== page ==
JPMor­gan CEO shifts topic to pol­i­tics from fi­nan­cial re­sults

The Mercury (Pottstown, PA) - - BUSINESS - By Ken Sweet AP Busi­ness Writer

NEW YORK » Af­ter JPMor­gan Chase posted a record $7 bil­lion quar­terly profit, the last thing a con­tentious Jamie Dimon wanted to talk about Fri­day was his com­pany’s earn­ings.

In­stead, the CEO of the na­tion’s largest bank vented his ir­ri­ta­tion with politi­cians and what he called grid­lock that’s pre­vent­ing the econ­omy from do­ing even bet­ter.

Dimon, a mem­ber of President Don­ald Trump’s busi­ness ad­vi­sory coun­cil, has a rep­u­ta­tion for speak­ing with lit­tle to no fil­ter. He’s com­plained in the past that U.S. pol­i­cy­mak­ers spend too much time ar­gu­ing rather than im­prov­ing the econ­omy.

The U.S. econ­omy has been ex­pand­ing at less than 2 per­cent a year since the Great Re­ces­sion, which is be­low the typ­i­cal growth af­ter an eco­nomic down­turn. Dimon said growth would be higher if Washington grid­lock would ease.

“It’s al­most an em­bar­rass­ment be­ing an American cit­i­zen trav­el­ing around the world ... lis­ten­ing to the stupid (ex­ple­tive) we have to deal with in this coun­try,” he said in a call. “At one point we all have to get our act to­gether or we won’t do what we’re sup­posed to do for the av­er­age Amer­i­cans.”

As head of the na­tion’s big­gest bank, Dimon has a big stake in how Washington op­er­ates and how the U.S. econ­omy per­forms. And while Trump’s busi­ness ad­vi­sory coun­cil can­not make pol­icy de­ci­sions, it does have in­put on what the White House’s pri­or­i­ties should be for big com­pa­nies like JPMor­gan.

Repub­li­cans who con­trol of both houses of Congress and the White House have pro­posed cut­ting cor­po­rate in­come taxes, which would di­rectly ben­e­fit JPMor­gan’s bot­tom line, and in­fra­struc­ture spend­ing would add to U.S. gross do­mes­tic prod­uct. There is also talk about trim­ming back some of the strict reg­u­la­tions put in place fol­low­ing the fi­nan­cial cri­sis that bank CEOs like Dimon have ar­gued are re­strict­ing the abil­ity of banks to lend money.

Whether those reg­u­la­tions are re­ally re­strict­ing lend­ing is a topic of de­bate. Nearly all banks are mak­ing more loans, in­clud­ing JPMor­gan Chase, and bank prof­its are up.

“What’s the ev­i­dence that reg­u­la­tions are se­ri­ously im­ped­ing the bank­ing in­dus­try or any other in­dus­try?” said Dean Baker, an econ­o­mist with the left-lean­ing Cen­ter for Eco­nomic and Pol­icy Re­search.

Baker said one rea­son for the grid­lock is the in­abil­ity of Repub­li­cans to co­a­lesce around a uni­fied agenda. For ex­am­ple, some want tax cuts to stim­u­late growth, but other Repub­li­cans are wor­ried about deficits that could rise if taxes were cut too sharply.

Dimon, when asked by a busi­ness jour­nal­ist about the firm’s bond trad­ing re­sults fol­low­ing the Fed­eral Re­serve’s in­ter­est rate in­crease last month, called for re­porters to fo­cus less on the quar­ter-to-quar­ter changes in its busi­ness and more on big­ger is­sues like in­fra­struc­ture, the opi­oid epi­demic, tax­a­tion and jobs.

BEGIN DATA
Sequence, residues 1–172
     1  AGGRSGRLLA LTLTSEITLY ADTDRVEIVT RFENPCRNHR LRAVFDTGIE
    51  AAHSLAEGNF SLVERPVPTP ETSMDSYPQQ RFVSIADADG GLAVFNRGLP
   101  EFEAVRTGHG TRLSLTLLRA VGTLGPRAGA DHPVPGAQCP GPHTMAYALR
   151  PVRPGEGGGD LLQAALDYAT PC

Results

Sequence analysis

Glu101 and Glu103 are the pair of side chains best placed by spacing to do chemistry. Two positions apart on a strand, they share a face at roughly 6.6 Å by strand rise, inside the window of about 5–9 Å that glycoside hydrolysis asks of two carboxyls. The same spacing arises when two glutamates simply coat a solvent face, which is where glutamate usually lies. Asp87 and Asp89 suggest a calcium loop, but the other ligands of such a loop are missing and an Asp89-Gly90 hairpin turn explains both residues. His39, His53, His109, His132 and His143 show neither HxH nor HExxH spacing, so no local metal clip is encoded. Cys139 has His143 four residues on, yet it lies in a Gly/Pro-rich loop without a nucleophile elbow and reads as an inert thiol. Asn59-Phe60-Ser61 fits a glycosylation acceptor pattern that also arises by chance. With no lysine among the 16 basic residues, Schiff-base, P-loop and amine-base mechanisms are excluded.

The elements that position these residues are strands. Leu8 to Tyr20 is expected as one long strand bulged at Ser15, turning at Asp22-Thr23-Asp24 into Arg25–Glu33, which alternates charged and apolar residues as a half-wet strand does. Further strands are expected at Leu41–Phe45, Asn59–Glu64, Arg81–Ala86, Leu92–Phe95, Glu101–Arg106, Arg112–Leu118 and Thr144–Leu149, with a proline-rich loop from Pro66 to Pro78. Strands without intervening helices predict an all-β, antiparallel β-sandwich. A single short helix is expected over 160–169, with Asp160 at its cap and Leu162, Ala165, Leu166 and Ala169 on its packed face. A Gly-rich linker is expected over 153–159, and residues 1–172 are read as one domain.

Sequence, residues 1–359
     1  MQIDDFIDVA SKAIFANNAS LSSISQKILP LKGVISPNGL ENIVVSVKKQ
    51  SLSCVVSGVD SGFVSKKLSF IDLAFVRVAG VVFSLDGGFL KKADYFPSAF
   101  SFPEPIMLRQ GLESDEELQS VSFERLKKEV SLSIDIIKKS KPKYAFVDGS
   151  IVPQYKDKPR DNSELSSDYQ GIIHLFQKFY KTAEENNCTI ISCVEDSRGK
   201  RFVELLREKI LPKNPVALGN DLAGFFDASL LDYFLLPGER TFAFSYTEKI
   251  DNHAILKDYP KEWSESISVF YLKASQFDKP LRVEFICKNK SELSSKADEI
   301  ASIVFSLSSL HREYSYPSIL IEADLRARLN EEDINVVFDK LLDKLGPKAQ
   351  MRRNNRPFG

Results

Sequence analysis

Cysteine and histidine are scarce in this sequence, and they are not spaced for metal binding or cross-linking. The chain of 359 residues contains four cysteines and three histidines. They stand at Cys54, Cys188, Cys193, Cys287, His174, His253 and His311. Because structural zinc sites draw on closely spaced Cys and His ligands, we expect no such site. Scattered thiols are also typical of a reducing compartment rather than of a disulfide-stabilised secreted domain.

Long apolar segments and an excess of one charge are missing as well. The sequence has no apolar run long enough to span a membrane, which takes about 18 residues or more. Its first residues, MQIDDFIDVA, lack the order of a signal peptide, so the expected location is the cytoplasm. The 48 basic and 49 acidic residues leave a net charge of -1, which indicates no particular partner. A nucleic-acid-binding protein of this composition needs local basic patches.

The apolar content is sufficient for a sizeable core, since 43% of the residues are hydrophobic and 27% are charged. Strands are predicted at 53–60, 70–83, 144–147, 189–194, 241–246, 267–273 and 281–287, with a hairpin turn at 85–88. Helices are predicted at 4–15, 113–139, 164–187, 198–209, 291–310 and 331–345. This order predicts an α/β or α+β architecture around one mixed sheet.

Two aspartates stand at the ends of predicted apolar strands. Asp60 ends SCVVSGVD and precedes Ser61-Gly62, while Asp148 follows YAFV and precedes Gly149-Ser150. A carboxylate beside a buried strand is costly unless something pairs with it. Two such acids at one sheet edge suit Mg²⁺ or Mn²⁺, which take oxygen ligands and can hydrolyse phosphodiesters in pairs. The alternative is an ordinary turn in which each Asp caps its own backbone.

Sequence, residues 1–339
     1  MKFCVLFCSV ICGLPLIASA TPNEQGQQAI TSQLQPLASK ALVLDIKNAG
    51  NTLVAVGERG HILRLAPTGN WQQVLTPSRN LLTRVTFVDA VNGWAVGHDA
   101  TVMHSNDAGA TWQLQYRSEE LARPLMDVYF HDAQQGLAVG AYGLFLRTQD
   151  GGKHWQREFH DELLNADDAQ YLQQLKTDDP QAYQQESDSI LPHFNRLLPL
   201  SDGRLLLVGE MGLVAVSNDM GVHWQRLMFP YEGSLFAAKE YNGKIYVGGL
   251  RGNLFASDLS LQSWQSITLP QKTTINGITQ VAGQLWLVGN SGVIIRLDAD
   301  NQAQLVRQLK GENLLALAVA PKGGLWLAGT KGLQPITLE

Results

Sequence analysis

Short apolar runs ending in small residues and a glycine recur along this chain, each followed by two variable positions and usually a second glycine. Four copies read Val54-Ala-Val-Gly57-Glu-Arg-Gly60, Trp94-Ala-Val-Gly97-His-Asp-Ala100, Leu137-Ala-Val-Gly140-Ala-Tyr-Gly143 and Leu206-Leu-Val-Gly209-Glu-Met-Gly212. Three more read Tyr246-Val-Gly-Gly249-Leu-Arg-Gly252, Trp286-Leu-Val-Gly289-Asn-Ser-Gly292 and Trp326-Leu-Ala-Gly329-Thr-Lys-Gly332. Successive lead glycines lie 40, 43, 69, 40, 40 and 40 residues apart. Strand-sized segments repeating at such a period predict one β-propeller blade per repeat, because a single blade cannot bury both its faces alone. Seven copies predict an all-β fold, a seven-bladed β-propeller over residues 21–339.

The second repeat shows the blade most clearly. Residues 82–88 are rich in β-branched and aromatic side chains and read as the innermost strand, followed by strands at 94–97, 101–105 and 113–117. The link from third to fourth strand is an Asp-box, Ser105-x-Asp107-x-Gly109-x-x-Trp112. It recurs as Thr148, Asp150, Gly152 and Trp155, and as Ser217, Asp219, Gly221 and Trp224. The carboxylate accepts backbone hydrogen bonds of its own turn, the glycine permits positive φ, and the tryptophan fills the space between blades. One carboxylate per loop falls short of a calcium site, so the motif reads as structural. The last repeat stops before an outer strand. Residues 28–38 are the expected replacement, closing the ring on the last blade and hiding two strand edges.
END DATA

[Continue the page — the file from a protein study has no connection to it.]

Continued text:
“(Re­porters) should be writ­ing a lot more about that the stuff that is hold­ing back and hurt­ing av­er­age Amer­i­cans. Who re­ally cares about fixed-in­come trad­ing in the last two weeks of June, I mean se­ri­ously?” he said.

While the bank over­all has ben­e­fited from the Fed’s de­ci­sion and has been mak­ing more loans across all its busi­nesses, this quar­ter’s quiet stock and bond mar­kets de­pressed the bank’s trad­ing rev­enue by 17 per­cent. Fixed-in­come trad­ing rev­enue was down 19 per­cent from last year, while stock trad­ing was mostly flat.

Even so, the bank re­ported a profit of $7.03 bil­lion, or $1.82 per share, an im­prove­ment from a profit $6.20 bil­lion, or $1.55 a share, a year ago. The re­sults beat an­a­lysts’ ex­pec­ta­tions, but its shares fell 1 per­cent to $92.08 in af­ter­noon trad­ing.

JPMor­gan’s in­vest­ment and cor­po­rate bank­ing divi­sion earned $2.71 bil­lion com­pared with $2.49 bil­lion a year ear­lier, and saw a 17 per­cent rise in in­vest­ment bank­ing fees.

It was part of a trio of big banks, with Cit­i­group and Wells Fargo which re­ported their quar­terly re­sults Fri­day. All three re­ported a rise in in­ter­est in­come, and were gen­er­ally lend­ing more across all their busi­nesses.

Cit­i­group also re­ported a de­cline in trad­ing, al­beit not as big as JPMor­gan. Typ­i­cally less-volatile mar­kets re­sult in lower trad­ing rev­enue for the ma­jor banks, as its traders can­not take ad­van­tage of heavy trad­ing and big­ger swings in stock and bond prices.

One area of con­cern, par­tic­u­larly for JPMor­gan, is bad loans in its credit card busi­ness. The bank also set aside more money this quar­ter to cover bad loans, mostly in its credit card divi­sion. JPMor­gan ex­ec­u­tives have said the bank is start­ing to of­fer and ap­prove ap­pli­ca­tions for credit cards to higher-risk bor­row­ers that it pre­vi­ously would have re­jected.

De­spite the money des­ig­nated to ad­dress bad loans, Dimon said: “the U.S. con­sumer re­mains healthy.”

Gov­ern­ment fig­ures re­leased Fri­day showed that Amer­i­cans cur­tailed their shop­ping in June, with less spend­ing at restau­rants, depart­ment stores and gaso­line sta­tions. That came de­spite a healthy job mar­ket and sug­gests that eco­nomic growth could re­main slug­gish.

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